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Sue Lani Madsen: Log it, graze it or watch it burn

In this July 25, 2018 file photo, Hannah Whyatt poses for a friend's photo as smoke from the Ferguson fire fills Yosemite Valley in Yosemite National Park, Calif. (Noah Berger / AP)
In this July 25, 2018 file photo, Hannah Whyatt poses for a friend's photo as smoke from the Ferguson fire fills Yosemite Valley in Yosemite National Park, Calif. (Noah Berger / AP)

Three million acres burning, smoky skies blotting out the sun, businesses closed as people stayed indoors to escape wind-driven emissions from a thousand small fires.

No, not last week – last century, when the Big Burn blew up across parts of Idaho, Washington and Montana on Aug. 20-21, 1910. Four small towns wiped out, 92 deaths documented, many more injured. Smoke-choked communities along the future route of Interstate 90 all the way to its terminus in Boston.

This year, 337,948 acres have been burned to date in Idaho, Washington and Montana, according to the National Interagency Fire Service update Friday. That is 10 percent the size of the Big Burn, but we’re sure this “new normal” is a sign of anthropogenic climate change and the end of the world as we know it.

And it is. We judge normal by the experience of one lifetime, and anything challenging our comfortable paradigms ends the world as we know it. August skies were clear when we were children, therefore August skies should always be clear.

Humans managing forests and grasslands with fire was the old normal, according to University of Colorado professor of Omer C. Stewart, who worked at the intersection of anthropology, fire ecology, range management and forestry. His studies over a lifetime convinced him that indigenous fire was “the deciding factor in determining the types of vegetation covering about a fourth of the globe” and challenged the popular paradigm defining wilderness as the absence of human impact. Stewart died in 1991, before seeing his 1950s era manuscript resurrected and reprinted in 2002 under the title “Forgotten Fires: Native Americans and the Transient Wilderness.”

Before European contact, North Americans had only fire as a tool for forest management. Immigrants brought domesticated animals, but disrupted the pattern of regular small fires. Then new technology brought timber harvest and modern forestry practices. The catch phrase “Log It, Graze It, or Watch It Burn” isn’t a threat, it’s a summary of the three management tools available for healthy forests.

We aren’t using the tools effectively. Science by single discipline rarely takes a holistic look at the interplay of ecosystem processes. What works for troubleshooting something as complicated as a car does not work for complex systems. Any system with biological components is complex, with unexpected, unplanned and unknown emergent properties. Remove the battery from the engine and predictably the car sits in the driveway. Remove fire (or grazing or logging) from the forest and nature moves in with something else. Sometimes that something else is catastrophic fire.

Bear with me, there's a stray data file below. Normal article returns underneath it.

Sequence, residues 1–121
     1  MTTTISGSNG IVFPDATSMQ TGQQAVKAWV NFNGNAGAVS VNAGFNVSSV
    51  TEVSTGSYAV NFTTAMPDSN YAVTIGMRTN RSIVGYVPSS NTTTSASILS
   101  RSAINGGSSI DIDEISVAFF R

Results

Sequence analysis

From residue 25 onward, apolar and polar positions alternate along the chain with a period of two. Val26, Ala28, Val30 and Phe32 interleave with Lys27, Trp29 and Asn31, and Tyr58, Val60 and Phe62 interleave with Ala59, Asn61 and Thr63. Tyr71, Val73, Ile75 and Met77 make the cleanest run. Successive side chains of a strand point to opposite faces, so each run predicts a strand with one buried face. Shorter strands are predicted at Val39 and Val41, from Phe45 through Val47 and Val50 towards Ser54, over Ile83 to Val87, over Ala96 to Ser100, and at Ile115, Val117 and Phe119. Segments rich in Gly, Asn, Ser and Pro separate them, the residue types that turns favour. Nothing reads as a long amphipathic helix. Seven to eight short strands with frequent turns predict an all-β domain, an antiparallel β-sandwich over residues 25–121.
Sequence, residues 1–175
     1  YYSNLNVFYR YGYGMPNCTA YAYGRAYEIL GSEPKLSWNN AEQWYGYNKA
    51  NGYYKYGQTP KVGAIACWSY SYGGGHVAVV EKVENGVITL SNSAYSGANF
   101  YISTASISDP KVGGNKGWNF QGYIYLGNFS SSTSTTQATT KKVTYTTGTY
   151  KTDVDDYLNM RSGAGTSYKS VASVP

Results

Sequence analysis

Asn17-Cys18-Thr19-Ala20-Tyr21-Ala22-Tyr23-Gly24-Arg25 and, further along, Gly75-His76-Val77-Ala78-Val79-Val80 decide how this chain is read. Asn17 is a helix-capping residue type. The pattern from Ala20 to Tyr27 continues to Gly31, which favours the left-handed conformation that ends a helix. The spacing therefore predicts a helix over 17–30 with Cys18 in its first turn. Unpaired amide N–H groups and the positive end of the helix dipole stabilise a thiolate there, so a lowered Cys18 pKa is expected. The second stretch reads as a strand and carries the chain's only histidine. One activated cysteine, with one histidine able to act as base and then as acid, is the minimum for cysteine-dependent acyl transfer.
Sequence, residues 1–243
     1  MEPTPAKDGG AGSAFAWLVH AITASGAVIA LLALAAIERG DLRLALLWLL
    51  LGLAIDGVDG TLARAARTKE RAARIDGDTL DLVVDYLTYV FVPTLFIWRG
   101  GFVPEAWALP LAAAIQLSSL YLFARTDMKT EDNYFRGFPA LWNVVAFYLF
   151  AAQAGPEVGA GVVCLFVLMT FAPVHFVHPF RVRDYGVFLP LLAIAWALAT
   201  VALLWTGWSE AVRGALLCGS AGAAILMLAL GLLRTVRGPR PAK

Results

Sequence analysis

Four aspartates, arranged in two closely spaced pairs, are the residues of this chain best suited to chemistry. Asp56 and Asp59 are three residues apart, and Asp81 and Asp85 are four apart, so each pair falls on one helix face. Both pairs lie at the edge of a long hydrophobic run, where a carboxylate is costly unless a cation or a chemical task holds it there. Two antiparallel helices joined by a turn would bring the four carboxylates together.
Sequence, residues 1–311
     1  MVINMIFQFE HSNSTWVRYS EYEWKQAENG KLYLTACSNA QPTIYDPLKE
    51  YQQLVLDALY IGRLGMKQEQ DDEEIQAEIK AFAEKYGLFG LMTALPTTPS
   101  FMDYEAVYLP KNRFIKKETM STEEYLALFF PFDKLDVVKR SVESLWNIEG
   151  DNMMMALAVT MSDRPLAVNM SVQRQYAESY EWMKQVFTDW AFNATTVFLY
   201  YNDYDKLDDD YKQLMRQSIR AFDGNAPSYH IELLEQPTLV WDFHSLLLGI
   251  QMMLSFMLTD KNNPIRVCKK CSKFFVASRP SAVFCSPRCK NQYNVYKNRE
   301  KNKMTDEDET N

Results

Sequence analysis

It takes an intersectional approach to study the science behind using the tools, but scientists are too often trapped in their own paradigms. It’s the problem Stewart faced in seeking a publisher for his manuscript describing Native Americans as the first foresters. As an anthropologist collecting information from indigenous people in the 1930s in California, he was fascinated by Pomo elders describing how “the Indians had intentionally set fire to all the fields and forests to keep the brush down” and make it easier to travel, hunt and gather food. It started him on a lifetime of study outside of his anthropological silo to better understand the human factor in the landscape.

Ah, the human factor. Fire is a problematic tool for a non-nomadic society. We draw lines and declare this part wildland, that part urban, and what’s left over the Wildland Urban Interface zone. Moving everyone into cities to eliminate the WUI is a pipe dream. And as the residents of Redding, California, discovered this summer, even a city can be a WUI. Using fire as a tool in the WUI has hazards denser than the smoke blocking the sun.

More important is the carbon footprint of wildfire. Whether you sing along with the anthropogenic climate change choir or point to more complex causes, putting less carbon in the air from flaming forests and rangeland conserves resources as well as making it easier to breathe. A 2015 report to the Washington Legislature requested by Rep. Tom Dent, R-Moses Lake, concluded that wildfire represents 13 to 50 percent of Washingtonians’ total annual carbon emissions.

You’d think there’d be a chorus of progressive demands for more grazing, thinning and logging on public lands. Probably shouldn’t hold your breath.

Sue Lani Madsen can be reached at rulingpen@gmail.com.


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